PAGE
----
Last weekend when we received some urgent email prayer requests from our teammate Jerry, who is in Kenya launching a new project, we asked you to pray.
As you may remember, our team has been working for months on a very exciting opportunity using mobile phone technology to offer seminary courses to help train pastors in Kenya.
In sub Sahara Africa, church growth is exploding, yet there are extremely few trained pastors. Additionally, seminaries in Africa often can not train enough students nor can the students afford to travel to the seminaries to take the Bible courses.
So, a forward thinking Nairobi seminary decided to offer distance education via cell phone. They are trying it out for one course this semester and hope to expand it in the spring. To learn the details of how the seminary course will work, read the short explanation on our teammate Jerry’s web site.
Although there have been numerous big problems in launching this seminary project, the class started Monday. A full slate of eager Kenyan students received their phones pre-loaded with the course material and software to administer their quizzes and facilitate class discussions via text messages. Now the students will return to their homes scattered around Kenya – allowing them to work during the semester and to continue serving in their churches.
Here’s a recent update from Jerry:
“Today we completed the first mLearning Class introduction. In addition to the approx 30 students pre-registered, there were 10 students who registered and paid within one hour of the beginning of class.
- Overall I think the day was successful. Students ended the day excited about what they were beginning and grateful for the opportunity to participate in this. No one was frustrated. At least no one expressed frustration. We have a lot we can improve, but I think we made a good start today!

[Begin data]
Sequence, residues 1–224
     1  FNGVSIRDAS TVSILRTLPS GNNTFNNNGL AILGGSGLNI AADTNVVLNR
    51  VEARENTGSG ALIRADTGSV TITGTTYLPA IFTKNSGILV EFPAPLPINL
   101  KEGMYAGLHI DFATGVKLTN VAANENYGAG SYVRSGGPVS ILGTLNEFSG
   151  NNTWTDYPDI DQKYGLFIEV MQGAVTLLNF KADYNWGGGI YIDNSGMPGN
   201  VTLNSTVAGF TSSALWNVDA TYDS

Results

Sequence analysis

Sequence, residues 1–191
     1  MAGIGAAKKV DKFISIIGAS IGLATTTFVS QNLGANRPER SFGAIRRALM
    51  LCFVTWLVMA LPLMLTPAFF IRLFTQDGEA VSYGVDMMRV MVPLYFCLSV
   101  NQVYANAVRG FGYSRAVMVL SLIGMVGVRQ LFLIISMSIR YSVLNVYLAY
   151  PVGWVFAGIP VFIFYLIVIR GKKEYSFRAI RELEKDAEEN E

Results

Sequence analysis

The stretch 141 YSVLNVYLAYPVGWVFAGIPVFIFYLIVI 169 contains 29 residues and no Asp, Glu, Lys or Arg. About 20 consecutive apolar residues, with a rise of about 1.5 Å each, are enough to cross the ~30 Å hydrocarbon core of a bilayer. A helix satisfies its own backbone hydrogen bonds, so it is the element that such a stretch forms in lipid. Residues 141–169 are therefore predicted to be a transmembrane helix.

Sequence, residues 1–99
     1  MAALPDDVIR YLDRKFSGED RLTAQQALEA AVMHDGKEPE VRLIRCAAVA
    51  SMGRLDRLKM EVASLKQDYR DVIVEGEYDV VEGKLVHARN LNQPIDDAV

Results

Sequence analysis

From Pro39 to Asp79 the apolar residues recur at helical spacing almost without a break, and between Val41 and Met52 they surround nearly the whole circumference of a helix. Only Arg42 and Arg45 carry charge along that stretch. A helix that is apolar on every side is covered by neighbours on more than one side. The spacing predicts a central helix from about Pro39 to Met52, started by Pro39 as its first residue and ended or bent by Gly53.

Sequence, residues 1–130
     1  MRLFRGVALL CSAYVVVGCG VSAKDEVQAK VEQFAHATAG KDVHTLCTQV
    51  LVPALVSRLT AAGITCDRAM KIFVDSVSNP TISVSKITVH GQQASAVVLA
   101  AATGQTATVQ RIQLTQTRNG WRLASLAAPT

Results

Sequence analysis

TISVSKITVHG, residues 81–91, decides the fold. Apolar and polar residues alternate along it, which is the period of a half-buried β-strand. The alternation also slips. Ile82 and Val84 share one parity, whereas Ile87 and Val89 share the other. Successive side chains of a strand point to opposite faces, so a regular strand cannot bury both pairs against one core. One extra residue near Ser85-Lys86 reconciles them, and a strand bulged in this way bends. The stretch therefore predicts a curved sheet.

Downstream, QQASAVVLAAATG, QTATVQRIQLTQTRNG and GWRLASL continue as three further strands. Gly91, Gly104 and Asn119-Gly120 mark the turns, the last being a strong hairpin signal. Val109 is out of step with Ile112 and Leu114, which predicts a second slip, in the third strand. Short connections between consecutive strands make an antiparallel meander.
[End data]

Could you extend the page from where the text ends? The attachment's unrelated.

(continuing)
- The coursework software required data service which we provided via WiFi (wireless Internet), but during that time some students started browsing on the Internet, not realizing that they were accessing the Internet. I don’t think any of the students understood what data service is and what applications on the phone required it. None of them understood what WiFi was or what you would use it for. It would be much easier if we could block all the services that require data access and only show them if data is turned on.
- The average student was able to learn the basics soon enough, but with some more guided/restricted training it could have gone faster. Students who had no previous experience with technology took longer to get familiar with the OS.
- Pastor Robert Murari (to whom we gave a phone) called just before class started and said the video playback was failing on his phone. I promised him a replacement memory card. This confirmed our fear that the locally purchased memory cards were of insufficient quality to work.
- Some felt comfortable and made quick progress. Others were writing down instructions on paper for the most basic operations at the end of the day.
- One of the pastors said he did not have electricity at his house and that charging the phone might be a problem.
Returning to the seminary was much more of a problem for the students than loading more airtime credit. Most of the pastors were from places far from Nairobi.”